"I had a chance to watch them a little before my [first] start," said McGuire, talking about Double-A batters. "They just don't chase as many pitches and you don't get away with many mistakes. There more disciplined and they make you pay for every mistake."
Fortunately, McGuire is not a pitcher who makes a lot of mistakes. McGuire tossed seven innings, allowing only three earned runs and picking up the win in his Double-A debut. It was a start in which McGuire struggled to control all of his pitches, but was able to show that he has the stuff to win games.
Fisher Cats Pitching Coach Pete Walker has a word for what makes McGuire a special pitcher.
"I don't think one thing jumps out, it's all very good, he has a lot of pitchability," said Walker. "Pitchability, he has four pitches that he uses, they're all for strikes, he keeps them down in the zone and is able to keep hitters off balance."
This pitchability, or ability to know how to get outs was even more important during McGuire's first start, as he didn't have his curveball, one of his best pitches working for him that day.
"He was fighting himself a little bit on it," said Walker of McGuire's curveball during his first start. "In the bullpen [session] it was outstanding. I think that pitch is outstanding, and I think if he'll keep on refining it and it'll keep getting better."
McGuire himself has described his curveball as his secret weapon, a pitch he can get a batter off-balance and out with.
"The curveball has become a little more of an out-pitch as of late," said McGuire. "It's just another weapon with two strikes to stay ahead in the count."
Getting ahead in the count has been a big part of the way McGuire pitches, but the biggest thing he's been working on since he was drafted is keeping his pitches down in the zone, especially his fastball.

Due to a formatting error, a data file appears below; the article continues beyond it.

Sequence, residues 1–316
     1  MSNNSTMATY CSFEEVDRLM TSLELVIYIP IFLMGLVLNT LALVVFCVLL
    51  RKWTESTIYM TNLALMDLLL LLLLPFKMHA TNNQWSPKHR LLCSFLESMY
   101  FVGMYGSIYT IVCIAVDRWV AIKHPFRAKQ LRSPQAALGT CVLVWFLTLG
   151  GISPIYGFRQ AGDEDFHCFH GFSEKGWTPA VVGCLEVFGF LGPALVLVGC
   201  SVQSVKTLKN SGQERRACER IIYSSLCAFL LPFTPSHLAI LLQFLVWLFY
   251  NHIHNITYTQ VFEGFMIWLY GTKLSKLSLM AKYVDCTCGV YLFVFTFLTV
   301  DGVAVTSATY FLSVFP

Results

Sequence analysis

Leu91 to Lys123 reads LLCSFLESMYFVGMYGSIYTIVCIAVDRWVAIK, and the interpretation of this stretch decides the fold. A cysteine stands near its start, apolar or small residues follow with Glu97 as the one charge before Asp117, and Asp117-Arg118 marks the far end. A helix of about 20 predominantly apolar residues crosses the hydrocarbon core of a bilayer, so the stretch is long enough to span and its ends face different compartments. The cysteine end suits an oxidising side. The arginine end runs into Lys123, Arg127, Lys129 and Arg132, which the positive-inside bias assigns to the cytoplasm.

"It's the one thing our organization really harps on is keeping the ball down," said McGuire. "When I got here I was probably in the lower half of being able to do that.
"It's one thing that Dunedin pitching coach Darold Knowles and I really worked on. Keeping the fastball down in the zone, only elevating when you want it too and it's definitely gotten better."
For now, that's still the problem that McGuire and Walker are working on in. Once McGuire is able to control his pitches the way he wants though he should become a dangerous force and at only 22, he is a young talent that could certainly be in the starting rotation for Toronto one day.
Now, it's just a matter of cleaning up some small blemishes, which is much better than fixing a major issue.
"I think its a few different things, nothing stands out," said Walker of McGuire's weaknesses. "I think he needs to continue to pitch, continue to face good hitters. Fastball location will improve, I assume, along with the off speed stuff and his breaking ball."
McGuire Tweaking Some Things
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